Mrs. Ramsay suspects that her desire to be helpful and nice is merely vanity, and that Mr. Carmichael’s rejection of her efforts shows up in the pettiness in her character.
And we’re back. Mrs. Ramsay continues reading The Fisherman and his Wife to James.
Mrs. Ramsay calls to her daughter Cam.
Mrs. Ramsay is stressing because Minta Doyle and Paul Rayley have not come back from their walk. She wants to know if they’re going to get married.
James tugs on Mrs. Ramsay to remind her to continue reading.
As she reads, Mrs. Ramsay continues thinking about Minta Doyle, and recalls her obligations to Minta’s parents, who she has nicknamed the Owl and the Poker.
Mrs. Ramsay remembers Mrs. Doyle accusing her of being manipulative. Mrs. Doyle believes that Mrs. Ramsay stole Minta’s affections away from her own mother.
Then Mrs. Ramsay thinks about her children. She doesn’t want them to get any older.
Mrs. Ramsay carries on a mental argument with her husband over her belief that the children will never again be as happy as they are now, in their childhood.
Mrs. Ramsay’s thoughts then shift to Minta Doyle. She wonders briefly if she put too much pressure on Minta to marry Paul.
Mrs. Ramsay finishes the story about the fisherman and his wife.
Mrs. Ramsay worries that James will forever remember not going to the Lighthouse tomorrow.
With the children in bed, Mrs. Ramsay is free to sit and think. Freed of all attachments or obligations, her real self has a chance to stretch. She watches the Lighthouse.
She goes to her husband without him asking.
Mr. and Mrs. Ramsay walk past the greenhouse, which is beginning to get repaired, but Mrs. Ramsay doesn’t have the heart to tell her husband the cost (50 pounds, incidentally, and Mrs. Ramsay often thinks randomly on this fact).
Instead, Mrs. Ramsay brings up Jasper’s fondness for shooting defenseless creatures.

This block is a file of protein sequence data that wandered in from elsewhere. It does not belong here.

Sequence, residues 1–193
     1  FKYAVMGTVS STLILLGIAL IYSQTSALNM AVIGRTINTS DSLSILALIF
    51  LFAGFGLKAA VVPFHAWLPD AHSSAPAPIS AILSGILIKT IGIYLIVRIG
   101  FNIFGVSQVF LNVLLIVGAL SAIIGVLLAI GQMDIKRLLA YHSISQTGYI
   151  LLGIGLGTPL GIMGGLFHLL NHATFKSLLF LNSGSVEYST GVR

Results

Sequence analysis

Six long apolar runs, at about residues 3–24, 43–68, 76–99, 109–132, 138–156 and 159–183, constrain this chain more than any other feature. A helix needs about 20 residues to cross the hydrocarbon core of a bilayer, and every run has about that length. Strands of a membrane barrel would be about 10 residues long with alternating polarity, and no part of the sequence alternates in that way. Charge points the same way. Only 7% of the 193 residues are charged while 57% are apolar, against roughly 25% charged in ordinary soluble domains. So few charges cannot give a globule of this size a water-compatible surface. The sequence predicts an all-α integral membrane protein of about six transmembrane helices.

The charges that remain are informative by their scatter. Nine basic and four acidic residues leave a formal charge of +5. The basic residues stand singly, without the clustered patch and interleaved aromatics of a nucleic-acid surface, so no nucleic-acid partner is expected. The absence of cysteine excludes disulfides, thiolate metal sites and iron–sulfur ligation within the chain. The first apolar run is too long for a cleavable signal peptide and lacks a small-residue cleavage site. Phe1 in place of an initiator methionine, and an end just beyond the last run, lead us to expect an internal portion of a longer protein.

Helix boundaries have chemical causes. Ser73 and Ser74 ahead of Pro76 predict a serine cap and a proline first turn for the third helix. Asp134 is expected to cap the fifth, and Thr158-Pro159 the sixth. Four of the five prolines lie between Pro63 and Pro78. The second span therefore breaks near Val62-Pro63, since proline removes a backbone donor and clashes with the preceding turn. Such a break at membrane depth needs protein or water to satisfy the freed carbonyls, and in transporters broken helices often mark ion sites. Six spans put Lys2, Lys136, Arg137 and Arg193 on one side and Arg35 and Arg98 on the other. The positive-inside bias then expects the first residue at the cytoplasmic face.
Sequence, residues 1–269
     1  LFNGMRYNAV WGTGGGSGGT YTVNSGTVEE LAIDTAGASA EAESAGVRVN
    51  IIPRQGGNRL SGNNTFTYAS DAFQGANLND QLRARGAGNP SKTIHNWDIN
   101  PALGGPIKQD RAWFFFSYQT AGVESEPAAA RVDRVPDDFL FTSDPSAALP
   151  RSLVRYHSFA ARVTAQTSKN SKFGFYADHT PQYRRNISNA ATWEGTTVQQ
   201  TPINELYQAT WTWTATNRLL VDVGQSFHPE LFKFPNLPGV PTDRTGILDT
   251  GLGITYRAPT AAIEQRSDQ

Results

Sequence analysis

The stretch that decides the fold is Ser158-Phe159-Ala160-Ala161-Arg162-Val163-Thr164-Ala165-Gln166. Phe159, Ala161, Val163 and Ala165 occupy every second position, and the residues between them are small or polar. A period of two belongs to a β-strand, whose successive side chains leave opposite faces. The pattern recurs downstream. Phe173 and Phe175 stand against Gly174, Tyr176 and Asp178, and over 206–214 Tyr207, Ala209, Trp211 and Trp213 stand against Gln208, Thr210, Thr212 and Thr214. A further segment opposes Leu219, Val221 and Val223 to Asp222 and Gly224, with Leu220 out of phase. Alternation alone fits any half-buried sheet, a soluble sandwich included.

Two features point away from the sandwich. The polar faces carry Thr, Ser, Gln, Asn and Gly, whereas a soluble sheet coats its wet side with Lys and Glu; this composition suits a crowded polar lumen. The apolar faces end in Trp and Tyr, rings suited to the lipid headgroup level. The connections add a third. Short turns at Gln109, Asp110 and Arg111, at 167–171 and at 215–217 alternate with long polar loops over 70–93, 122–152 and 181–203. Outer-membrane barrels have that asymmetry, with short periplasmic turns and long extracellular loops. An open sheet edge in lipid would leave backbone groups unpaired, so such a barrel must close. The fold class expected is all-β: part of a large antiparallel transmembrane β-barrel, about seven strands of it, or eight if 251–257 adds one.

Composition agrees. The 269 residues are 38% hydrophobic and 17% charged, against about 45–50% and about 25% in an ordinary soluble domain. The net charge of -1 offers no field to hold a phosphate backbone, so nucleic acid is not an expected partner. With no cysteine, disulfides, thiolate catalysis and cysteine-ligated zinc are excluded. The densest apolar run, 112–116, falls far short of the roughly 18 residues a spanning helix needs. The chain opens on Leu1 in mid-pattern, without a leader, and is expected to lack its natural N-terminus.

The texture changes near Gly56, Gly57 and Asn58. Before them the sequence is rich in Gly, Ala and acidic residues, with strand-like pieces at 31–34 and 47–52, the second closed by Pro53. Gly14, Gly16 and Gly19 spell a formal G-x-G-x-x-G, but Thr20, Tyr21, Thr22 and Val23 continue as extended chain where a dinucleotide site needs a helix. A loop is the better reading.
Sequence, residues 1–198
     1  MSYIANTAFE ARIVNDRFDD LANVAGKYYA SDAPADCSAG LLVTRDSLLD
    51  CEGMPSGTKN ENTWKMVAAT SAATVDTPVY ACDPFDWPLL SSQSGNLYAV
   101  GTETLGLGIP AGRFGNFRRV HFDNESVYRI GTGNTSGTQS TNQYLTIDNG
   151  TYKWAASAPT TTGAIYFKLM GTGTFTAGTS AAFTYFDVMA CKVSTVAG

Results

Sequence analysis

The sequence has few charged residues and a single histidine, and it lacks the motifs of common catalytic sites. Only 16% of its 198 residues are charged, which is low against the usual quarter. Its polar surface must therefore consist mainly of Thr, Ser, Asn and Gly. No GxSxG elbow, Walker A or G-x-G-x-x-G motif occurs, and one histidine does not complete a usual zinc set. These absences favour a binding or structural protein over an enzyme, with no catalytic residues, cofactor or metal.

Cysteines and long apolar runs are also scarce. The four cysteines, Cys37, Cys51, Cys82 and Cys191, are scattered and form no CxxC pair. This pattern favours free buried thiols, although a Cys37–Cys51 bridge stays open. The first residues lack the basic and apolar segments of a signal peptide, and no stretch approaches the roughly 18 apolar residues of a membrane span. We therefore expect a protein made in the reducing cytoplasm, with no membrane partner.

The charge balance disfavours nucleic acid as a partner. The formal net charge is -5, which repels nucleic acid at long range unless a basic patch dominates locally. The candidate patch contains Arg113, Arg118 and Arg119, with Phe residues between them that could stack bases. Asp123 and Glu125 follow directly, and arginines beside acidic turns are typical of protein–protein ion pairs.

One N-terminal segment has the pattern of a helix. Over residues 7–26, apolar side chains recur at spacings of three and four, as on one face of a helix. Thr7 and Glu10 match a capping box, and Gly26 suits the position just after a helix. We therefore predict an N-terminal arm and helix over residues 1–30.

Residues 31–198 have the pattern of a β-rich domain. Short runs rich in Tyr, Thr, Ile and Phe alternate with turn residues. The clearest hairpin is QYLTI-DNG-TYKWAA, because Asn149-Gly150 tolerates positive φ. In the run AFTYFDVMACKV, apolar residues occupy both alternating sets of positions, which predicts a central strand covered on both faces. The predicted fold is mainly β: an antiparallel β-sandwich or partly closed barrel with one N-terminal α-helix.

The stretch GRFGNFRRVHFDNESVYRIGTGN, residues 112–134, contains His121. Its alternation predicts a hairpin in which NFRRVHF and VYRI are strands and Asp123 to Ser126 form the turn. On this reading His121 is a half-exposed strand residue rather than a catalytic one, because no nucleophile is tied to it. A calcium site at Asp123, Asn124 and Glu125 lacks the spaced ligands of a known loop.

Mr. Ramsay says that it’s natural, and not to worry about it. Mrs. Ramsay thinks her husband as being sensible.
They chat some more about Charles Tansley, Prue (Mr. Ramsay doesn’t see her beauty), and the garden, etc.
Mr. Ramsay will be proud if Andrew gets a scholarship; Mrs. Ramsay will be proud either way. They realize that they like this balance in each other.
Mrs. Ramsay expresses worry that some of the kids aren’t back yet, but Mr. Ramsay glosses over her fears.
The two of them reach a place where the Lighthouse can be seen again. Mrs. Ramsay does not look.
Mrs. Ramsay brings up the idea that Mr. Ramsay would have written better books had he not married her.
He says that he’s not complaining, and then kisses her hand passionately. Hot.
The two of them walk up the path and Mrs. Ramsay reflects that even though her husband is over 60 years of age, his arm feels like a young man’s.
Mrs. Ramsay contemplates her husband’s inability to understand the simple and the ordinary in favor of dealing with the complex and the extraordinary.
Mrs. Ramsay inspects her flowers.
Mrs. Ramsay looks at Lily Briscoe and William Bankes walking along, deciding in her head that the two of them must marry.
Mr. and Mrs. Ramsay watch a girl throwing a ball.
Mrs. Ramsay turns to smile at Lily and Mr. Bankes.
Mrs. Ramsay expresses pleasure that Mr. Bankes will be joining them for dinner.
Prue runs into them, and Mrs. Ramsay asks her if Nancy was with the (still missing) group. Prue says yes.
Jasper and Rose help Mrs. Ramsay get ready for dinner. She watches some rooks outside her window.
Mrs. Ramsay deliberately lets Rose take her time in choosing the necklace she is to wear.
After also choosing a shawl, all the preparations are finally over and Mrs. Ramsay descends to dinner with Jasper and Rose.
Mrs. Ramsay is eager to find out if Paul and Minta are now engaged, but knows it will have to wait.
She descends the staircase and is likened to a queen accepting tribute from her people.
After a brief moment spent questioning what she’s accomplished with her life, Mrs. Ramsay organizes the seating and the food, etc.
As she ladles out soup, Mrs. Ramsay feels a discord among the shabbiness of her surroundings and the separation of her guests. She feels it her sole duty to create beauty and harmony.
Mrs. Ramsay engages William Bankes in conversation.
It’s clear that Mrs. Ramsay pities William Bankes – according to Lily, Mrs. Ramsay pities William not because he is pitiful, but because Mrs. Ramsay wants, no, needs him to be pitiful, even.